How’s it going guys, Benjamin here again and today I’m going to be talking about some general tips and thoughts about fitness for anyone looking to start working out, or has just started working out! I always say this - with fitness, there are multiple ways / directions to get to your goals and one or the other isn’t right or wrong. For example, types of diets, workout splits, rep ranges, types of exercises, HIIT or steady state cardio etc! These are just some of my recommendations and ways that have personally helped me along the way.
Let’s first talk about consistency!
Just like any other hobbies / sports - skiing, skateboarding, basketball, golf, etc, consistency with practice and repetition is the most important way to get better. You could have the best advice vocalized to you or have an amazing workout plan, but if you don’t consistently execute it and go through the motions, you won’t become any better or keep your progress. Same thing with learning an instrument or learning a new language. This all applies to working out, whether your goal be cardiovascular health, endurance, losing body fat, and gaining muscle. Take a look into your work or school schedule and establish a realistic workout schedule that fits around your day. It’s recommended that 150 minutes of activity per week is beneficial and will yield changes to your physique and overall health.
The next topic I would like to go over mainly applies for individuals who want to get started with weightlifting and have no prior experience. Sometimes, free weight exercises are hard to perform and can lead to injury if not performed correctly. This doesn’t apply to everyone who has just started, but I would recommend basing your workouts mainly around cables and machines to build up a base strength before moving onto free weights and compound movements (bench, squat, deadlift). Definitely don’t neglect free weights completely, but if you do use them, make sure to start with a lower weight and train your muscle memory / stabilizing muscles before advancing in weight. Free weights require more stabilization from your muscles which could be difficult / feel awkward at first. At the end of the day, one isn’t better than the other. It all really depends on your efforts and the quality at which you execute each exercise.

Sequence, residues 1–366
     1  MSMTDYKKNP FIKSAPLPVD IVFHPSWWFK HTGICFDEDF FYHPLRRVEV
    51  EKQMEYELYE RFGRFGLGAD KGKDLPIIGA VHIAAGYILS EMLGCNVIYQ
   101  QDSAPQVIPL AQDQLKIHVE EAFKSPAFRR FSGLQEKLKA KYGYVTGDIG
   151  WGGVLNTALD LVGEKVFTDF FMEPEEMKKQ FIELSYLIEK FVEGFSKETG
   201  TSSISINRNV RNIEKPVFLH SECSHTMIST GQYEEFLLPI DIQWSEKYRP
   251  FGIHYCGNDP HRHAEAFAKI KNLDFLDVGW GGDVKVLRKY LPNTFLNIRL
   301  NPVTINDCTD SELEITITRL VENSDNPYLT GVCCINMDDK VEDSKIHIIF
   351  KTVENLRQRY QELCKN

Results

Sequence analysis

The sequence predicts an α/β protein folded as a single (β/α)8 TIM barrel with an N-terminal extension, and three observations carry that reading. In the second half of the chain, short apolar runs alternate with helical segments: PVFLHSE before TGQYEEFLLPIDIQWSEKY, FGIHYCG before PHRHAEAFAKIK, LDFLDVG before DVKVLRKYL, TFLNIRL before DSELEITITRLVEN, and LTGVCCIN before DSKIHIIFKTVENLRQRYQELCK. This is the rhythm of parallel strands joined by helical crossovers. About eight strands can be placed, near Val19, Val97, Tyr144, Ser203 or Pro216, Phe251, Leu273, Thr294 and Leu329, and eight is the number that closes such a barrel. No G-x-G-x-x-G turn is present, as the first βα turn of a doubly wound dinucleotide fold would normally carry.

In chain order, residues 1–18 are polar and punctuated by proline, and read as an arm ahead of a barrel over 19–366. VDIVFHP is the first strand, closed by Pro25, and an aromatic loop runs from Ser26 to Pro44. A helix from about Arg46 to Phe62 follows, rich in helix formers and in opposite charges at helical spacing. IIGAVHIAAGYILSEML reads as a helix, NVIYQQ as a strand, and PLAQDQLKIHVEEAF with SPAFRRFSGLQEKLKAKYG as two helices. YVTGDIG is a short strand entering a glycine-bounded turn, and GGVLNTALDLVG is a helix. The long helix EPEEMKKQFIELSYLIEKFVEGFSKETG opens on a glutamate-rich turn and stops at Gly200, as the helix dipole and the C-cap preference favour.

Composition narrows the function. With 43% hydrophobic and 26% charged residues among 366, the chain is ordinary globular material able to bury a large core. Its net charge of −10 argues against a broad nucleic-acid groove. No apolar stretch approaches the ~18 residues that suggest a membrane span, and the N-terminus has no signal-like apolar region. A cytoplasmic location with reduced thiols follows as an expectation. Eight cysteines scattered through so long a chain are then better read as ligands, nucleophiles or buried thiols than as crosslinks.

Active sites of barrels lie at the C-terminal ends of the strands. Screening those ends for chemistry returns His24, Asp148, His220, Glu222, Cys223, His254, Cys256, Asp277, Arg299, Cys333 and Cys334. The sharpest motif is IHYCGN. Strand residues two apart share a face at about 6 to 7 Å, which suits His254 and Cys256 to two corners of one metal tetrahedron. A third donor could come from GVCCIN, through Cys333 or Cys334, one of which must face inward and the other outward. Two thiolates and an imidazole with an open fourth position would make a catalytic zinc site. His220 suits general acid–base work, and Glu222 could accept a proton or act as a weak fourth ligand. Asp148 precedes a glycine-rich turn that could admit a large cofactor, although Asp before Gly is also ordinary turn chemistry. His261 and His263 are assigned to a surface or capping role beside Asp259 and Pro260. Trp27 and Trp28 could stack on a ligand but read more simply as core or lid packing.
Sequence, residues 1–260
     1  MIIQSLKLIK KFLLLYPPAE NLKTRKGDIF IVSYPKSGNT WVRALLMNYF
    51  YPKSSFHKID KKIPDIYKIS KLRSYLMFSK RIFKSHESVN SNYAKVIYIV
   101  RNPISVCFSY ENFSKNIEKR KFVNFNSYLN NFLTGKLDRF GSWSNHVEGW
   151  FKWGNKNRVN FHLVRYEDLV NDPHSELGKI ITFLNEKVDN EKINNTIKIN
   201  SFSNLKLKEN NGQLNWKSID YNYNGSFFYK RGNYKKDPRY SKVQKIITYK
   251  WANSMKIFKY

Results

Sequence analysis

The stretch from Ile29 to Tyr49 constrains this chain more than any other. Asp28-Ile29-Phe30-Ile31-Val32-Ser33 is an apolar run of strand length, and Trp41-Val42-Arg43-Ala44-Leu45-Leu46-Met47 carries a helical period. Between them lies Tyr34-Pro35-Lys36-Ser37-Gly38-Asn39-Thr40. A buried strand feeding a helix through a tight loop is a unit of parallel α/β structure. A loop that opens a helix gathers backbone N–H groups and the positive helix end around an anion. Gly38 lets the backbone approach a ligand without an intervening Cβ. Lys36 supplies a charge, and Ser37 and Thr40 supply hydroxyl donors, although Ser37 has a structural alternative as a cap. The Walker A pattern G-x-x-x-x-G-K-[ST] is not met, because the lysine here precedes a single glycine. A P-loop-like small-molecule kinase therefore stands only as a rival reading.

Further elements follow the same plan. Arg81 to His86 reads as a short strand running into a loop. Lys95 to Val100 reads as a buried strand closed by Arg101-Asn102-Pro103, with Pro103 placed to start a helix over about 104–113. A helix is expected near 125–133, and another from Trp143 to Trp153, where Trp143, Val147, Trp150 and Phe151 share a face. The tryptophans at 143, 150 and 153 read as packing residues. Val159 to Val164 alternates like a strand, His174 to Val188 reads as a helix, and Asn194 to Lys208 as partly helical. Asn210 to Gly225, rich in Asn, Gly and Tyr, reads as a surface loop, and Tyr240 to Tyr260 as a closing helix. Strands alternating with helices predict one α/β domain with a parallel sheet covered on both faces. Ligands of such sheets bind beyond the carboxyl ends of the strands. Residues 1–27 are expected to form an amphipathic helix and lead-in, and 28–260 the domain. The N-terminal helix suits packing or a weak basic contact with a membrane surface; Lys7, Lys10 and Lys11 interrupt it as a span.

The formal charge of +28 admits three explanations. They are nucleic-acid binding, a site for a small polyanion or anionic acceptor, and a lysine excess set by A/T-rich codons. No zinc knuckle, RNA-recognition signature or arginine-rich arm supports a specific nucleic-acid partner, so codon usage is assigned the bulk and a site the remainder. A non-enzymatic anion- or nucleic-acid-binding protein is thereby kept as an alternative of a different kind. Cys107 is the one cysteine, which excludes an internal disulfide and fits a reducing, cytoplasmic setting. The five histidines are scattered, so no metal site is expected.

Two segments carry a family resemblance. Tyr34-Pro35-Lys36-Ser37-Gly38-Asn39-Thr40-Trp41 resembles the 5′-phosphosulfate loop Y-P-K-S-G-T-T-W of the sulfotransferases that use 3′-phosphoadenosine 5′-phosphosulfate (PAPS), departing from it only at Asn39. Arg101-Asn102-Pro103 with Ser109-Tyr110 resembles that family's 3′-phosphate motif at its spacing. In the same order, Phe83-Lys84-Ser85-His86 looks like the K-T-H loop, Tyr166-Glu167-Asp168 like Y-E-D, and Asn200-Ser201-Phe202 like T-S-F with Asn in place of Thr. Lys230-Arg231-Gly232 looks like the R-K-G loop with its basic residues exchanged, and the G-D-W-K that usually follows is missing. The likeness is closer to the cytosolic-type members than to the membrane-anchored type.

Machines are great because they’re extremely user friendly and run a low risk for injury. They also are set up to put your body in the correct position before the exercise is executed and usually have directions on how to perform it, and which muscle groups are targeted. It also helps you isolate the muscle. I’m not saying machines are solely for beginners - a lot of advanced weightlifters and even professional bodybuilders keep them in their arsenal. They’re just a great place to start if you’re new to lifting.
My next piece of advice is to practice mind-muscle connection through your workouts, as well as controlling the eccentric portion of each repetition. The concentric is the raising, shortening, and flexing of the muscle, while the eccentric is the lowering and lengthening of the muscle. So for example, if you’re doing bicep curls with dumbbells, the concentric movement is the dumbbell coming up, and the eccentric is the dumbbell coming down.
People often think that when lifting that it’s solely about raising the weight. However, the eccentric portion of the motion is actually the most important because more damage to the muscle cell happens during that phase. Make sure to have a controlled, slower negative to ensure maximum growth. When the muscle cell is damaged more, it recovers and grows bigger. In addition, when performing an exercise, ALWAYS make sure you feel the intended muscle work. If you can’t feel it, you might need to either reduce the weight because your form and tempo is breaking, or you need to slow down the eccentric portion of the movement.
Setting goals, staying motivated, and not overthinking it:
Let’s talk about setting goals and staying motivated. Base your goals around the SMART goal system! This is an acronym for: Specific, measurable, achievable, relevant, and time bound.
Specific: Make your goal both clear and specific. This will help you stay on track. Ask yourself these 5 questions: What, why, who where, and which. For example - let’s say you’re currently a sales associate at a retail store. A specific goal could be “I want to gain the skills and experience needed to become the manager of my store, so I can grow my career and lead a thriving team”
Measurable: Set measurable goals for yourself to help keep you focused and motivated. Set small goals along the way to your end goal so you can constantly have satisfaction of success. For example, if your goal is to lose 30 lbs, break it off into increments of 5 lbs each.
Achievable: Make sure your goal is challenging, but realistic and achievable. It should be within your ability / skill set. For example, if you’re currently able to bench press 185 lbs - set your goal to be able to bench 225, instead of 275 or 315. After you achieve 225, then reset your goal.
Relevant: Setting a relevant goal will confirm that your goal matters to yourself. Ask yourself these questions: Is this worth my time? Is this the best time for this goal? Will this goal help me succeed, and the others around me succeed?
Time-bound: Each and every single goal that you set for yourself in life should have an end date so you can keep yourself accountable and have a deadline to work off of. This is mainly the “when” question you should ask yourself. 3 weeks from now, 6 weeks from now? 2 months from now?
I hope this article helped some of you guys! That’s all for now, catch you guys later!